Fascioscapulohumeral muscular dystrophy (FSHMD) . . . . . . . . . . . . .
Distal myopathy . . . . . . . . . . . . . . . . . . . . . . . . . . . . . . . . . . . . . . . . . .
Congenital myopathies . . . . . . . . . . . . . . . . . . . . . . . . . . . . . . . . . . . .
Mitochondrial myopathies . . . . . . . . . . . . . . . . . . . . . . . . . . . . . . . . . .
Glycogen storage diseases . . . . . . . . . . . . . . . . . . . . . . . . . . . . . . . . . .
Defects of fatty acid metabolism . . . . . . . . . . . . . . . . . . . . . . . . . . . . .
Toxic myopathies . . . . . . . . . . . . . . . . . . . . . . . . . . . . . . . . . . . . . . . . .
Critical illness myopathy . . . . . . . . . . . . . . . . . . . . . . . . . . . . . . . . . . .
Myopathies associated with endocrine/metabolic disorders
and carcinoma . . . . . . . . . . . . . . . . . . . . . . . . . . . . . . . . . . . . . . . . . . .
Myotonia congenita . . . . . . . . . . . . . . . . . . . . . . . . . . . . . . . . . . . . . . .
Paramyotonia congenita . . . . . . . . . . . . . . . . . . . . . . . . . . . . . . . . . . .
Hyperkalemic periodic paralysis . . . . . . . . . . . . . . . . . . . . . . . . . . . . .
Hypokalemic periodic paralysis . . . . . . . . . . . . . . . . . . . . . . . . . . . . . .
Motor neuron disease . . . . . . . . . . . . . . . . . . . . . . . . . . . . . . . . . . . . .
Amyotrophic lateral sclerosis . . . . . . . . . . . . . . . . . . . . . . . . . . . . . . . .
Spinal muscular atrophies . . . . . . . . . . . . . . . . . . . . . . . . . . . . . . . . . .
Poliomyelitis . . . . . . . . . . . . . . . . . . . . . . . . . . . . . . . . . . . . . . . . . . . .
Bulbospinal muscular atrophy (Kennedy’s syndrome) . . . . . . . . . . . . .
General disease finder . . . . . . . . . . . . . . . . . . . . . . . . . . . . . . . . . . . . .
Subject index . . . . . . . . . . . . . . . . . . . . . . . . . . . . . . . . . . . . . . . . . . . .
The authors of this book are American and European neurologists. This book is
termed a “neuromuscular atlas” and is designed to help in the diagnosis of
neuromuscular diseases at all levels of the peripheral nervous system. This book
is written for students, residents, physicians and neurologists who do not
specialize in neuromuscular diseases.
The first chapter describes the numerous tools used in the diagnosis of
neuromuscular disease. These include history taking, the physical examination,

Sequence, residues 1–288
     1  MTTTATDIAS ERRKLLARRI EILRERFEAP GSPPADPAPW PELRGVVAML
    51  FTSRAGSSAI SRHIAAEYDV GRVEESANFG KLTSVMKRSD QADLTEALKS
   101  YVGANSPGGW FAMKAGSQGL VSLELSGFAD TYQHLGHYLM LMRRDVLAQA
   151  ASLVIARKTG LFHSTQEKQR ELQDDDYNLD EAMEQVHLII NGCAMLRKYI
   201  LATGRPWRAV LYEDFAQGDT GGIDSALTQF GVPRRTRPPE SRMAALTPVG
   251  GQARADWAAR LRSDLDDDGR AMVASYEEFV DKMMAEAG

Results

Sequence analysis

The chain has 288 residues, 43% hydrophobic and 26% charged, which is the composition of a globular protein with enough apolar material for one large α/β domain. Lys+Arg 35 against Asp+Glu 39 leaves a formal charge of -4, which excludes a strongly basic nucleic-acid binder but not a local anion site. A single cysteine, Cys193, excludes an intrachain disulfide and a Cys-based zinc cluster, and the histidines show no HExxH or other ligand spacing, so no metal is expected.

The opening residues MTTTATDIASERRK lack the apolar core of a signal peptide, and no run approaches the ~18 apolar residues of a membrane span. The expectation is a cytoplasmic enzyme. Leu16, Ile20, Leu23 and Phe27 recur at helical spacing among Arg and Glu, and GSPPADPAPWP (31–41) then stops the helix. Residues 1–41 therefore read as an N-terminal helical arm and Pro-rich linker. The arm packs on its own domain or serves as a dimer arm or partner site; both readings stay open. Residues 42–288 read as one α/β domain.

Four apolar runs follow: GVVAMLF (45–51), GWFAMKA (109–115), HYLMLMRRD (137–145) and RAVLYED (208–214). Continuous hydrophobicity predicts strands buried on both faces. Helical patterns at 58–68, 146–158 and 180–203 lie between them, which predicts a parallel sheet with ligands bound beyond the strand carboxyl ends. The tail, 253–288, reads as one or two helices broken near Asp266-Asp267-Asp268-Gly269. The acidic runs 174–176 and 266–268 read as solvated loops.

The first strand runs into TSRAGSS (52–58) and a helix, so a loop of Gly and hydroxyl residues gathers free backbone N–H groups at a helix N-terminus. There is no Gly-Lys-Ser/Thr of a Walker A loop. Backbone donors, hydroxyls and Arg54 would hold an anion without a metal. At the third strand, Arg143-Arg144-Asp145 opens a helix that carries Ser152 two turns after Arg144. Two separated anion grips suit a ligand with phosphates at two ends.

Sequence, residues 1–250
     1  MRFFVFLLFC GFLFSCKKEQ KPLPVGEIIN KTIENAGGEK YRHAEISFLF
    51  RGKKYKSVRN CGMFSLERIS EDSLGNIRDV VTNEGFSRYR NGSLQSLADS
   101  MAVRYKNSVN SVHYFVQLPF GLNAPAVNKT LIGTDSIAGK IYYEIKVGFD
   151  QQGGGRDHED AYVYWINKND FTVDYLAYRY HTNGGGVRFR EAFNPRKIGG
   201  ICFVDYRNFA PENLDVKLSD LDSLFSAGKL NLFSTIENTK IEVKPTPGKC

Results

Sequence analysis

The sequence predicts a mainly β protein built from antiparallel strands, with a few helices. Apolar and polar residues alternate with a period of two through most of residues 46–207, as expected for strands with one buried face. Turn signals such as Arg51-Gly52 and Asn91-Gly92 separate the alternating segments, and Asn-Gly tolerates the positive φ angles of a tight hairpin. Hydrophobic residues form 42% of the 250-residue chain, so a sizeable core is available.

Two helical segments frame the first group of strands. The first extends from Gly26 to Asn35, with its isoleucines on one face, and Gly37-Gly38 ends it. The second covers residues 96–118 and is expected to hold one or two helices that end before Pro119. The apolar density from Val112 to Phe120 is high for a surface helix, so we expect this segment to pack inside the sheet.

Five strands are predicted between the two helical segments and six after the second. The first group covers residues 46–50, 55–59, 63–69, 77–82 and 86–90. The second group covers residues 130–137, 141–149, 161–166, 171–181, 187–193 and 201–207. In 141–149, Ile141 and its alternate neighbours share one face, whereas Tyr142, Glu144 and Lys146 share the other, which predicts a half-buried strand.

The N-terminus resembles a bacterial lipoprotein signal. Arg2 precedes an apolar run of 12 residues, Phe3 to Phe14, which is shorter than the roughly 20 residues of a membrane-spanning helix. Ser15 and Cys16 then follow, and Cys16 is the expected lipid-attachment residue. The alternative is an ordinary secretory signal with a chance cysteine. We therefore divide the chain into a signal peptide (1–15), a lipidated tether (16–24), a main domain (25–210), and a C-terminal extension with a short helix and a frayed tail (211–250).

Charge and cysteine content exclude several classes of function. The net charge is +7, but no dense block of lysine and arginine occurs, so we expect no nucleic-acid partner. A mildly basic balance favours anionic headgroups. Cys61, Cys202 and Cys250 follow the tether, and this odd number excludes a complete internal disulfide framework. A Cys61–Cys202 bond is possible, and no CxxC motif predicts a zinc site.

laboratory values, electrophysiology, biopsy and genetics. It should help the
reader gain an overview of the commonly used methods.
The clinical chapters start with cranial nerves, followed by radiculopathies,
plexopathies, mononeuropathies of upper extremities, trunk, lower extremities
and polyneuropathies. This is followed by disorders of neuromuscular transmission, muscle and myotonic diseases and motor neuron disease.
The final chapter is called a general disease finder, which helps to identify
neuromuscular symptoms and signs associated with general disease.
Each section has a “tool” bar, giving an outline of which examination
techniques are most useful. This is followed by anatomical localization, symptoms and signs. The different etiologies are described and are followed by a
description of useful diagnostic tests, differential diagnosis, therapy and prognosis. This structured approach occurs through the whole book and allows the
reader to follow the same pattern in all sections. A few key references are
Figures and clinical pictures are an essential part of the book. The figures are
simple and focus on the essential features of the peripheral structures. We were
fortunate to work with artist Jeanette Schulz who put our anatomical requests
into clear and distinct figures.
The pictures are of two categories: histological pictures and pictures of
patients and diseases. The histologicical pictures were mostly provided by
Dr. James Russel who also received neuropathological help from Dr. Mila
Blaivas. The clinical pictures were mostly taken by Drs. Grisold and Zifko and
reflect a large series of photographic clinical documentation, that was accumulated over the years.
We are aware that for many entities like polyneuropathies, myopathies, and
mononeuropathies several excellent monographs and teaching books have
been written. However we found no other book which provides a complete
overview in a structured and easily comprehensive pattern supported by figures
and pictures.
While writing for this book the authors have had fruitful discussions about
several disease entities with individuals from the different schools of diagnosis,
treatment and teaching in the US and in Europe. We hope that this book will be
of clinical help for all physicians working with patients with neuromuscular
E. Feldman
W. Grisold
J. W. Russel
U. A. Zifko
Several important diagnostic tools are necessary for the proper evaluation of a
patient with a suspected neuromuscular disorder. Each individual chapter in
this book is headed by a “tool bar”, indicating the usefulness of various
diagnostic tests for the particular condition discussed in the chapter. For
example, genetic testing is necessary for the diagnosis of hereditary neuropathy
and hereditary myopathy, while nerve conduction velocity (NCV) and electromyography (EMG) can be important but are less specific for these diseases.
Conversely, NCV and EMG are the predominate diagnostic tools for a local
entrapment neuropathy like carpal tunnel syndrome. Some conditions will
require autonomic testing or laboratory tests.
The evaluation of a patient with neuromuscular disease includes a thorough
history of the symptoms, duration of the present illness, past medical history,
social history, family history, and details about the patient’s occupation, behaviors, and habits. Much can be learned from the distribution of the symptoms